Search Content | Science News

SUPPORT SCIENCE NEWS

Science News is a nonprofit.

Help us keep you informed.

Search Content

E.g., 09/25/2018
E.g., 09/25/2018
Your search has returned 6490 images:
  • color plot
  • Tosanoides aphrodite
  • supernova
Your search has returned 110587 articles:
  • News

    Here’s why we care about attempts to prove the Riemann hypothesis

    A famed mathematical enigma is once again in the spotlight.

    The Riemann hypothesis, posited in 1859 by German mathematician Bernhard Riemann, is one of the biggest unsolved puzzles in mathematics. The hypothesis, which could unlock the mysteries of prime numbers, has never been proved. But mathematicians are buzzing about a new attempt.

    Esteemed mathematician Michael Atiyah took a...

    09/25/2018 - 11:46 Numbers
  • Introducing

    This new fish species displays a splash of highlighter hues

    A new species of reef fish is a real head turner. 

    Last year while surveying a remote coral reef about 130 meters below the surface of the Atlantic Ocean, ichthyologists Luiz Rocha and Hudson Pinheiro spotted a radiant fish hiding in a drab rock crevice.  

    “It was like finding a bright emerald in a coal mine,” recalls Pinheiro.

    The fish, with its electric-pink-and-yellow body...

    09/25/2018 - 10:22 Animals
  • News

    Astronomers may have spotted the birth of a neutron star

    For the first time, astronomers may have watched a massive stellar explosion give rise in real time to a superdense dead star called a neutron star.

    New observations of supernova 2012au show charged oxygen and sulfur atoms fleeing the scene of the explosion at 2,300 kilometers per second. That suggests the shells of gas surrounding the dense remains of the original star are being lit up...

    09/25/2018 - 07:00 Astronomy
  • News in Brief

    The first rovers to explore an asteroid just sent photos home

    The first rovers to explore the surface of an asteroid have landed. After touching down September 21, the vehicles took pictures of asteroid Ryugu and at least one hopped around.

    Japan’s Hayabusa2 spacecraft, which arrived at the near-Earth asteroid on June 27 after a journey of more than three years, released the MINERVA-II1 container from a height of about 60 meters (SN Online: 6/27/18...

    09/24/2018 - 18:30 Planetary Science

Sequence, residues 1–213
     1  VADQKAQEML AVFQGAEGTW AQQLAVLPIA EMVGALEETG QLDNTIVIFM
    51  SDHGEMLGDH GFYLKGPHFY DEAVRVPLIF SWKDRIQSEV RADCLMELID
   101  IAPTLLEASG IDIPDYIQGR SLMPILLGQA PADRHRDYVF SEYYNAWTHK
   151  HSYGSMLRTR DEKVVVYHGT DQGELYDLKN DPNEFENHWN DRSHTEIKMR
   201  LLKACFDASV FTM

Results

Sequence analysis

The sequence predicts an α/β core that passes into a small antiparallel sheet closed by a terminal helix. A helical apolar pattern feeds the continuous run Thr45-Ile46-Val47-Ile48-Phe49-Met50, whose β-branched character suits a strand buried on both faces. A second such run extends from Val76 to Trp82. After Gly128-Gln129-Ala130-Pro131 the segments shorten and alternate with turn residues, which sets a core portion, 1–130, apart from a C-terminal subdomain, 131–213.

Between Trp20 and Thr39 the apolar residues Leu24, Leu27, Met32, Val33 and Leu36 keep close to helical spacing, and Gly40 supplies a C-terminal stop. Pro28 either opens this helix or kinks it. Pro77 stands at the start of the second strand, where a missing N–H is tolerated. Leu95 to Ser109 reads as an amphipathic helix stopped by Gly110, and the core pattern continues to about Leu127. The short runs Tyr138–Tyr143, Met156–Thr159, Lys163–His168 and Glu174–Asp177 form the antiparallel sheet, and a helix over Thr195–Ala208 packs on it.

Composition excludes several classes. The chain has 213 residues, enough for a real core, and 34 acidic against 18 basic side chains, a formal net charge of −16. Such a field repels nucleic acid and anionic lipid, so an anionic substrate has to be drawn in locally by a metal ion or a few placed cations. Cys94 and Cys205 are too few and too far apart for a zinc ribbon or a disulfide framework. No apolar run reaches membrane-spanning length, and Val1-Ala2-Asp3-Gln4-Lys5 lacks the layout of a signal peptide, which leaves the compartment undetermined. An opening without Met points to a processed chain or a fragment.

• News

    A paralyzed man makes great strides with spinal stimulation and rehab

    With the help of a spine stimulator and intensive training, a formerly paralyzed man can command his legs to step again. This achievement, described online September 24 in Nature Medicine, inches researchers closer to restoring movement to paraplegic people.

    The therapy allows 29-year-old Jered Chinnock to control his leg movements with his thoughts. “This is highly significant,” study...

    09/24/2018 - 14:41 Neuroscience
  • News

    In lab tests, this gene drive wiped out a population of mosquitoes

    A new gene drive may push a species of malaria-carrying mosquito to extinction.

    In a small-scale laboratory study, the genetic engineering tool caused Anopheles gambiae mosquitoes to stop producing offspring in eight to 12 generations, researchers report September 24 in Nature Biotechnology. If the finding holds up in larger studies, the gene drive could be the first capable of wiping...

    09/24/2018 - 11:20 Genetics, Ecology
  • News in Brief

    Japan has launched a miniature space elevator

    A pair of tiny satellites that will help test technology for a space elevator is on its way to the International Space Station.

    At 1:52 p.m. EDT on September 22, the Japan Aerospace Exploration Agency launched a rocket carrying the STARS-Me experiment from the island of Tanegashima.

    STARS-Me (or Space Tethered Autonomous Robotic Satellite – Mini elevator), built by engineers at...

    09/24/2018 - 09:50 Astronomy
  • Science Visualized

    How math helps explain the delicate patterns of dragonfly wings

    The dainty veins gracing the wings of dragonflies and other insects are like fingerprints: Each wing displays a distinct pattern. A randomized mathematical process may help explain how certain thin filaments, called secondary veins, form these complex patterns, a new study finds.

    Insect wings consist of two types of veins, both of which provide structural support (SN: 6/24/17, p. 5)....

    09/23/2018 - 08:00 Animals, Biophysics
  • Teaser

    These new superthin antennas are made from metallic nanomaterials

    A new design for lightweight, flexible antennas, made from metallic 2-D materials, could one day be used connect household appliances and wearable devices to the internet (SN: 6/9/18, p. 18).

    Researchers created the antennas, described online September 21 in Science Advances, using a water-based ink containing 1-nanometer-thick flakes of titanium carbide. The ink can be sprayed, painted...

    09/21/2018 - 14:00 Technology
  • News

    The way hunter-gatherers share food shows how cooperation evolved

    East African Hadza hunter-gatherers are neither generous nor stingy. But the groups they live in are. That pattern highlights a flexible and underappreciated form of cooperation that may have helped humans go from mobile bands to industrialized states, researchers say.

    Some camps share food more than others, but Hadza circulate among all camps rather than clustering in the most...

    09/21/2018 - 13:31 Anthropology, Evolution